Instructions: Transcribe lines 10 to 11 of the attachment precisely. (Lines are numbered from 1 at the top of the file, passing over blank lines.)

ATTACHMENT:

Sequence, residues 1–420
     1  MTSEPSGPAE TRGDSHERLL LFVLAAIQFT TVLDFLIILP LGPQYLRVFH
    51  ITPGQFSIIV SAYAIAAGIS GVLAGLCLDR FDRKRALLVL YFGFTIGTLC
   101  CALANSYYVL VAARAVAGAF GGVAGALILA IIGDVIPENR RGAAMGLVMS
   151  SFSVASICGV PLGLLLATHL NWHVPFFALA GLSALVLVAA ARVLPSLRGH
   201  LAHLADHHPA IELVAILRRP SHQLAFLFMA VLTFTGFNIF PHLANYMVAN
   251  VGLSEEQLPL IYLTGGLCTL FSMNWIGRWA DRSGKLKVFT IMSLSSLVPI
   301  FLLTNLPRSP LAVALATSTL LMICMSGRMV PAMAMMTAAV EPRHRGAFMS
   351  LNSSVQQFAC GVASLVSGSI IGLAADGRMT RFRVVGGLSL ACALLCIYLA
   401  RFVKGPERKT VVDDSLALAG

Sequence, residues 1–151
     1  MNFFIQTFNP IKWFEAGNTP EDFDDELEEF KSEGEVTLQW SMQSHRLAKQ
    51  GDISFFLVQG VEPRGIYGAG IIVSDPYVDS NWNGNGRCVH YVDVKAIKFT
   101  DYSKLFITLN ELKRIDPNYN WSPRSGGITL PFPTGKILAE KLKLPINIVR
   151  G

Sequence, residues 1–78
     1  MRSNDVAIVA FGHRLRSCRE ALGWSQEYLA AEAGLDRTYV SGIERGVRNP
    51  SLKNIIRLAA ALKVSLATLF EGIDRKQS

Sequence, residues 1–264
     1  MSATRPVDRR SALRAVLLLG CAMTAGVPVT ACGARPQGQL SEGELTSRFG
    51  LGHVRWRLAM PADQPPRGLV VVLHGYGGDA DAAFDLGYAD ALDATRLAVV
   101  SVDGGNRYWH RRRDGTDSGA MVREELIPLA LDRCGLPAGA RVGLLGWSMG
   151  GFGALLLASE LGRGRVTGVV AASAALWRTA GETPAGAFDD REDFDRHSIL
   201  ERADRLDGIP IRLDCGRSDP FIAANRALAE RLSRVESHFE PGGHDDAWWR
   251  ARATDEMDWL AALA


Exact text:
   401  RFVKGPERKT VVDDSLALAG

Sequence, residues 1–151